“It’s unforgiving. It’s relentless. It’s spinning around so fast, its gravity is like a giant slingshot, slinging rocks, dust, electrons, whole comets—anything that gets close to it, becomes its weapon.”
That description is part of the narration on the new NASA trailer that is describing spacecraft Juno’s mission in getting data from our solar system’s largest planet.
NASA spacecraft, Juno, will arrive in Jupiter’s orbit on July 4 to study how it formed and evolved, the agency announced.
On June 16, Juno was still 18 days and 8.6 million miles away from Jupiter.
The solar-powered spacecraft the size of a basketball court will fire its engines on the evening on July 4 for 35 minutes as it places itself in the gas orbit of the solar system’s largest planet.
Once there, Juno will study the planet’s auroras to learn more about the planet’s origins, structure, atmosphere, and magnetosphere, NASA said.
“At this time last year our New Horizons spacecraft was closing in for humanity’s first close views of Pluto,” said Diane Brown, Juno program executive at NASA Headquarters in Washington.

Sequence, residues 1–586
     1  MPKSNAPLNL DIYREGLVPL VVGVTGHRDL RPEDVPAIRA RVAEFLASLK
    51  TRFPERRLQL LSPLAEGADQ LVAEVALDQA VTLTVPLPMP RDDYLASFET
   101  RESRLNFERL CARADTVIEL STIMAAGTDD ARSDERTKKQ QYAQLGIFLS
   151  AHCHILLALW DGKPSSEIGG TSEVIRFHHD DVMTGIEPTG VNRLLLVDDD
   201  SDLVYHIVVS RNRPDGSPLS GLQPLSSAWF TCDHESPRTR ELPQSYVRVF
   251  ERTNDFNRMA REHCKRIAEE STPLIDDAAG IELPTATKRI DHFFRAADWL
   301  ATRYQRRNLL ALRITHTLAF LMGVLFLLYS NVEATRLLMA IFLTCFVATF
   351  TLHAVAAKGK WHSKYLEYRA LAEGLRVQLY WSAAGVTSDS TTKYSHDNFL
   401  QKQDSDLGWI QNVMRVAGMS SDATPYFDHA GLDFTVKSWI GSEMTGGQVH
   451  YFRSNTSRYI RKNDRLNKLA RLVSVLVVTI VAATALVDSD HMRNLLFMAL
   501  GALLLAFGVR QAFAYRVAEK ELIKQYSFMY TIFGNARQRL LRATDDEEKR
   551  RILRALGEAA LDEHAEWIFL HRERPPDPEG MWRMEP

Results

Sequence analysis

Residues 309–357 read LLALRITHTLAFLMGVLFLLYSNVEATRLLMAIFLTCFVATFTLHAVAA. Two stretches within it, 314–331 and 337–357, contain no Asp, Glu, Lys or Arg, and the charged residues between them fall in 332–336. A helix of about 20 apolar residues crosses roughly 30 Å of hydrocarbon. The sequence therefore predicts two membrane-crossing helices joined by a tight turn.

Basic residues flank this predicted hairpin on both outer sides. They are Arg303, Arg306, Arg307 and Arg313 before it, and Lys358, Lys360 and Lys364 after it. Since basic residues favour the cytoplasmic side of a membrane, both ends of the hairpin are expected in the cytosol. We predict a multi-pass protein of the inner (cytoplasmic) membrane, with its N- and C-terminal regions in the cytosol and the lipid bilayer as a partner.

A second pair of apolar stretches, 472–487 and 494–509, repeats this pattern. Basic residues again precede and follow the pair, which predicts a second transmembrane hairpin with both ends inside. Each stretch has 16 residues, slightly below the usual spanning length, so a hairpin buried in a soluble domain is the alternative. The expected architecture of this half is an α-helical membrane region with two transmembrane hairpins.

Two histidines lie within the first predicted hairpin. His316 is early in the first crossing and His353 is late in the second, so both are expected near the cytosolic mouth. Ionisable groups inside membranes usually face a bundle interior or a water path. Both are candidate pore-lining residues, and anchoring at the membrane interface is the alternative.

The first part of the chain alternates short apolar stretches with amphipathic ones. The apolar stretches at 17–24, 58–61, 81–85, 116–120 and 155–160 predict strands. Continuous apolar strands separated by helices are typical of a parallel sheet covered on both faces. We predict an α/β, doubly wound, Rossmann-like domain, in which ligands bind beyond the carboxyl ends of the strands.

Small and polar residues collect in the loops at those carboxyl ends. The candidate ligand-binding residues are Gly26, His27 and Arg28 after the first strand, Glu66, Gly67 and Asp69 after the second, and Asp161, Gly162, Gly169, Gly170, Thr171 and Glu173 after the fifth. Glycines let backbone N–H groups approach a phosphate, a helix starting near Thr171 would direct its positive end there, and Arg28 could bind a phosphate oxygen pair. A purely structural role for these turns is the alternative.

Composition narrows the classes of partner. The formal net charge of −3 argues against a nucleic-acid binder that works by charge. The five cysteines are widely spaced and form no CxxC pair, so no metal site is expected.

“Now, Juno is poised to go closer to Jupiter than any spacecraft ever before to unlock the mysteries of what lies within,” said Brown.
The mission’s series of 37 scheduled approaches in a 20-month timeframe will break NASA’s Pioneer 11 spacecraft 1974 record by 27,000 miles.
But Juno will have a bumpy ride when it orbits Jupiter’s swirling tumult of orange, white, red and brown clouds that cover the gas giant.
“We are not looking for trouble, we are looking for data,” said Scott Bolton, Juno’s principal investigator from the Southwest Research Institute in San Antonio.
“Problem is, at Jupiter, looking for the kind of data Juno is looking for, you have to go in the kind of neighborhoods where you could find trouble pretty quick,” he added.
Under the Jovian cloud tops is a layer of hydrogen that acts as an electrical conductor under pressure. Scientists believe that the combination of metallic hydrogen and Jupiter’s fast rotation (one day on Jupiter is only 10 hours long) creates a powerful magnetic field that covers the planet with electrons, protons and ions traveling at nearly the speed of light.
NASA describes it as “the harshest radiation environment in the solar system.”
“Over the life of the mission, Juno will be exposed to the equivalent of over 100 million dental X-rays,” said Rick Nybakken, Juno’s project manager from NASA’s Jet Propulsion Laboratory in Pasadena, California.
“But, we are ready. We designed an orbit around Jupiter that minimizes exposure to Jupiter’s harsh radiation environment. This orbit allows us to survive long enough to obtain the tantalizing science data that we have traveled so far to get,” he added.
Juno launched on Aug. 5, 2011, from Cape Canaveral, Fla.